Anybody who’s heard of a far-right anti-immigration party or listened to a speech by Sam Harris will be aware that Islam gets a lot of criticism for its apparently inherent terrorist qualities. While the specifics of these Islamophobic arguments vary wildly, as do the motivations of the speaker for saying them, the broadly shared notion is that Islam is disproportionately responsible for terrorist atrocities around the globe. Chances are (these individuals and groups claim) if you hear about a terror attack, in all likelihood it was either justified by Islam or committed by a Muslim.
Of course, very few claim that all Muslims are potential terrorists, but the general point is that Islam is incompatible or hostile to the ‘Western’ way of life, as proven by terror attacks. They don’t like our morals, they can’t integrate into our culture, and they have a propensity to express their discontent though violence. Some even go as far to call Muslims uncivilized, then quickly insist there’s no racial element to their statements.
A gross mischaracterization of 1.6 billion people by any standards, but it’s increasingly become a talking point among intellectuals on both sides of the political spectrum.
Singular events like 9/11, the murder of Lee Rigby, and the Times Square car-bomb attempt always provoke outrage and condemnation of the Muslim faith, and ‘terrorism’ has so often become synonymous with ‘Islamic extremism’, even though the most Islamophobic and hawkish among us surely recognize that terrorism is not a solely Islamic phenomenon.
So purely based on numbers, this blogpost is an attempt to dispel the notion that Islam has a monopoly on violence, that Muslims are inherently ‘savage’, and that Islam is always somewhere close-by when civilians have been targeted.
Examining every single terrorist act across the globe would be an exhaustive attempt, so instead the results here are based on terrorist incidents in the U.S. and UK, followed by a qualitative explanation of terrorist atrocities committed in the Middle East. The results, I hope you’ll agree, are quite unprecedented and seem at odds with the media narrative that we are so often fed.
Terrorism in the U.S.
Finding reliable and independent resources which document the motivations for terrorism in the U.S. is quite difficult, so I have taken my cue from two sources: One, an FBI report which details the motivations for terrorist atrocities committed on U.S. soil from the period 1980-2005, and two, just a Wikipedia page which lists terrorist incidents by year. Here are the collated results:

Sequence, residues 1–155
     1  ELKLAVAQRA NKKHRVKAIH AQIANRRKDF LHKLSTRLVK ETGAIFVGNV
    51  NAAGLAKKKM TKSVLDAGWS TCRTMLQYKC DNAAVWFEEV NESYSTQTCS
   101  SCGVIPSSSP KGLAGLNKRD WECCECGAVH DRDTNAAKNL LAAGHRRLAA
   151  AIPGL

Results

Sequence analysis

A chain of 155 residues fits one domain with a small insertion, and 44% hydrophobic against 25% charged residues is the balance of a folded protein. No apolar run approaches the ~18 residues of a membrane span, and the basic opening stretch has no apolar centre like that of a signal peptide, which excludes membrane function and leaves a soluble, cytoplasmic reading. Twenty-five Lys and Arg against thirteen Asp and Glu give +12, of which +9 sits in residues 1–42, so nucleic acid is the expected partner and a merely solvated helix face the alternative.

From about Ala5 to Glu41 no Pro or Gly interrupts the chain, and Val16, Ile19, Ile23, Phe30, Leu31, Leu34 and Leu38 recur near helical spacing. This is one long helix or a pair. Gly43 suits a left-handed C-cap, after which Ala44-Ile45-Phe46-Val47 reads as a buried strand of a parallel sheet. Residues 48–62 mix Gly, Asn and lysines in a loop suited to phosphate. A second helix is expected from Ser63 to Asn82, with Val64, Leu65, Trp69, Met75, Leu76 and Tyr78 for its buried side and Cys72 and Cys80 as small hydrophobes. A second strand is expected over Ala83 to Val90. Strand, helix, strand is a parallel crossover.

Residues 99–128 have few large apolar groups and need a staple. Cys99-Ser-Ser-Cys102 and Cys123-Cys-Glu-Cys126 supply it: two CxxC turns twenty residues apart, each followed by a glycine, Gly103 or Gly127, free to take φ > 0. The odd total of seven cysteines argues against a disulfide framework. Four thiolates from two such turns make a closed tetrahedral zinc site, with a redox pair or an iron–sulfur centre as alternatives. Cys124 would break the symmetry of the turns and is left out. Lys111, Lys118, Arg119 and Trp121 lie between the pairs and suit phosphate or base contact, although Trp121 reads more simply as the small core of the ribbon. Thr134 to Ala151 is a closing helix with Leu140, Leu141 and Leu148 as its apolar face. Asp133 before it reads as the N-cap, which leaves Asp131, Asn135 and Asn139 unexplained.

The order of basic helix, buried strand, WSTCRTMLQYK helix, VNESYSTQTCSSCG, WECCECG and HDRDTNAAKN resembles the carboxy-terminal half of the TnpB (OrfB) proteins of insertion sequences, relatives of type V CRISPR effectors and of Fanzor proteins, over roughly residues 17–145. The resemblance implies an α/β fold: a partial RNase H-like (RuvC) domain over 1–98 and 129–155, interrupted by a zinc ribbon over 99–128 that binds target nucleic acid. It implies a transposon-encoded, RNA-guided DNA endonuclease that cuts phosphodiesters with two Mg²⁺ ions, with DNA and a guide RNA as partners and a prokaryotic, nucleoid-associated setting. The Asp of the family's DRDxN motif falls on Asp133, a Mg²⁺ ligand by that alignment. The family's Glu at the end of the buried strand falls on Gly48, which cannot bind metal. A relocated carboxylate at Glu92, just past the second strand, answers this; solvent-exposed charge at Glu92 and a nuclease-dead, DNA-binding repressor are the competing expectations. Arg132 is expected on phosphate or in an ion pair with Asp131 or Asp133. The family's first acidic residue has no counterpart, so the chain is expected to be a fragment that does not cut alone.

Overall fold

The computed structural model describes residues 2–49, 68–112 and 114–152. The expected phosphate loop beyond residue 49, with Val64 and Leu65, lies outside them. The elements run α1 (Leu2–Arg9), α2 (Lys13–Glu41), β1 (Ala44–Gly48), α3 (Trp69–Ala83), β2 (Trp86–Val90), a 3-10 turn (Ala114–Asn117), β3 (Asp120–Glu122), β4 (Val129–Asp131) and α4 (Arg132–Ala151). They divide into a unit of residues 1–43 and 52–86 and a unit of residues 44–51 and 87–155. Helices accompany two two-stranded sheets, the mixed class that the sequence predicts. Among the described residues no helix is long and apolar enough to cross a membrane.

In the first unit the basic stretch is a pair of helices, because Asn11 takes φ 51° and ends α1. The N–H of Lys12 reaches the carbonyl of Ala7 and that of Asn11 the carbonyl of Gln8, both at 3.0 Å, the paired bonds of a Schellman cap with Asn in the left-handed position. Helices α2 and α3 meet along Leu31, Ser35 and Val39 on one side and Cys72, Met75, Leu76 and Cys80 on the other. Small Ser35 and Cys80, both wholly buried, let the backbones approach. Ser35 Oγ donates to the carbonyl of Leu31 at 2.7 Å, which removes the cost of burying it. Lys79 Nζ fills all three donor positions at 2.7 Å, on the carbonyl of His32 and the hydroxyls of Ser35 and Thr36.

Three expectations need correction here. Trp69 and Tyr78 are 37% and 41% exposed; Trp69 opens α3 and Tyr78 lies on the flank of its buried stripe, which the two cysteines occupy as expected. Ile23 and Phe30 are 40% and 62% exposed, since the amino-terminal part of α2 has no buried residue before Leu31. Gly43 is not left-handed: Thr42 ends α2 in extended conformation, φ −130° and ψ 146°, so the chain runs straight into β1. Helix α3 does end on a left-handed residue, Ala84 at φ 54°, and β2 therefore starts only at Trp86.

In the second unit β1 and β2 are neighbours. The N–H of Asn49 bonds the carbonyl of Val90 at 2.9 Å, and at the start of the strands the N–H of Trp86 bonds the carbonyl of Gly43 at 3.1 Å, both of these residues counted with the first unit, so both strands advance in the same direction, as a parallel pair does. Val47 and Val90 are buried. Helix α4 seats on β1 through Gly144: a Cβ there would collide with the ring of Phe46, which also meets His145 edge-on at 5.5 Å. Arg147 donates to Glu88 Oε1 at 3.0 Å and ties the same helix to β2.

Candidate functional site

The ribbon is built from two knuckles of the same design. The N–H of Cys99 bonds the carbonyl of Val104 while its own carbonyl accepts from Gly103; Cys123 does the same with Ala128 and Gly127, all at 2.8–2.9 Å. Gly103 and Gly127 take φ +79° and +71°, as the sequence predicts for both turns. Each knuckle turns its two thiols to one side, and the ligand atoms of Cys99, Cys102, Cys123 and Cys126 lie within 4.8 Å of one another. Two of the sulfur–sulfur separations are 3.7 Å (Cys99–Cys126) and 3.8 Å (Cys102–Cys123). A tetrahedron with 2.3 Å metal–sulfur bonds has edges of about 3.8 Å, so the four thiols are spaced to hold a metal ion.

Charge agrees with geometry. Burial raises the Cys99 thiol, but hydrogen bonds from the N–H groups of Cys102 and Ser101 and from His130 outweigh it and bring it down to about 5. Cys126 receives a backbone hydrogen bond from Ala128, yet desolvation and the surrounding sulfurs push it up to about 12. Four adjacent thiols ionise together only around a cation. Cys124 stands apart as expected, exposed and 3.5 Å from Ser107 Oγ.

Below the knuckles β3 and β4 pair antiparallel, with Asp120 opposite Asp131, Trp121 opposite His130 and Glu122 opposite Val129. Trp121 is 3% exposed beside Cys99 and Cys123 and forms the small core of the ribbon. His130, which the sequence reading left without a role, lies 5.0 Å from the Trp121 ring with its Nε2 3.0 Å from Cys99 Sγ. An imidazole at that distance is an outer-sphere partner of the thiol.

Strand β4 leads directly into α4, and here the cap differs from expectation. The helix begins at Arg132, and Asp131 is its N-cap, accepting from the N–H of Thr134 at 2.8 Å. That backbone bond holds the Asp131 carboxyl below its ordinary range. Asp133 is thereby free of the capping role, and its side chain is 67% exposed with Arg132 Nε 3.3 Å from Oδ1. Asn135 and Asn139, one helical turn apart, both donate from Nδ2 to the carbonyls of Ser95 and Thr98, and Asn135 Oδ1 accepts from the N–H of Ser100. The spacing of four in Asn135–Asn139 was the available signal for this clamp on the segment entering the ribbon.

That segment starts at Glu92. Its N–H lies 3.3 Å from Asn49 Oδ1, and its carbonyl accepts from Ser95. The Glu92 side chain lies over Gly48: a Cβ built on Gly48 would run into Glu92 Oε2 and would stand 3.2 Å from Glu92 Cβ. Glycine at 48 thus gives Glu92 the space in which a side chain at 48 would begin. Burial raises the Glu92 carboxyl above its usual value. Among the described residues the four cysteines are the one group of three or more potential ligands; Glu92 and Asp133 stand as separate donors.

(The “Other” category consists of: miscellaneous, unsolved or individual acts (92.5%), Croatian separatists (1.7%), Colombian terrorism (1.1%), Haitian terrorism (1.1%), Christian terrorism (0.8%), Iranian revolutionaries (0.8%), Libyan revolutionaries (0.5%), anti-Semitic terrorism (0.5%), anti-Islamic terrorism (0.2%), anti-Nazi terrorism (0.2%), Italian fascists (0.2%), anti-nuclear energy terrorism (0.2%) and Sierra Leonean terrorism (0.2%))
So based purely on numbers, Puerto Rican political groups have been responsible for the most terrorism on U.S. soil. Islam comes in 8th. What’s even more interesting about these results is that of the 343 incidents included, only 36 had religious motivations. That means that terrorism committed on U.S. soil has an overwhelmingly political source, not a religious one, with environmental groups and animal welfare groups taking the silver and bronze medals for terror.
That means environmental groups have been responsible for more terror than Muslims, Jews and Christians combined, even though a lot of Christian incidents also come under the ‘white supremacy’ category. Given these results and these results alone, Communist groups pose a bigger threat to the U.S. than Muslims do, that is to say, not a very big one.
But of course, these numbers are by no means the full story. For one, they do not take into account death tolls, and one would be right to argue that the World Trade Centre attacks of 2001 and the Iranian Free Army pipe bombing of 1980 are not comparable. One killed nearly three-thousand people, the other killed two.
And admittedly, since 1980 the two deadliest terrorist attacks have been motivated by Islamic extremism, while the Oklahoma City bombing takes a grisly third place. For individual acts, Islamic extremism is the most deadly. That is unless one adds up each incident’s death toll by each group, in which case the Puerto Rican separatist group Ejercito Popular Boricua Macheteros takes second place behind Al-Qaeda.
Perform a nationwide survey of which groups pose the biggest threat to the U.S., and I doubt very much environmental groups, Communist groups, or Puerto Rican separatists will take the top spot. I doubt they’ll make the list at all, and yet collectively they’ve been responsible for nearly half of all terrorist incidents in the U.S. for the last 35 years.
Tumblr user ‘kb-saransar‘ used a different data set and found strikingly similar results:
According to the FBI, there have been 129 confirmed white Christian terrorists in the last 20 years. That includes Timothy McVae, the uni-bomber, the Atlanta Olympics bomber and dozens of family planning centers and abortion clinics. Muslims? 19. Which would make white people the most likely demographic to commit a terrorist attack.
Indeed, no matter what statistics one gathers up, Muslims always account for a relatively small number. Washington’s Blog took a different, bigger data source for this issue, and their numbers show that only 2.5% of U.S. terrorist attacks from 1970 to 2012 were carried out by Muslims.
So much for the Islamification of America.
Terrorism in the UK.
For UK terrorism, I’ve used the Global Terrorism Database. I would have used this for the U.S. too, but the FBI database is always preferable to a second-hand source, no matter how reliable that source may be. The results are as follows:
(The “Other” category consists of: miscellaneous, unsolved or individual acts (45%), Palestinian terrorism (10%), Armenian terrorism (10%), Communist terrorism (10%), black militancy (7.5%), the English Defense League (2.5%), Sikh separatists (2.5%), Iranian exiles (2.5%), Jammu and Kashmir separatists (2.5%), and Jewish terrorism (2.5%))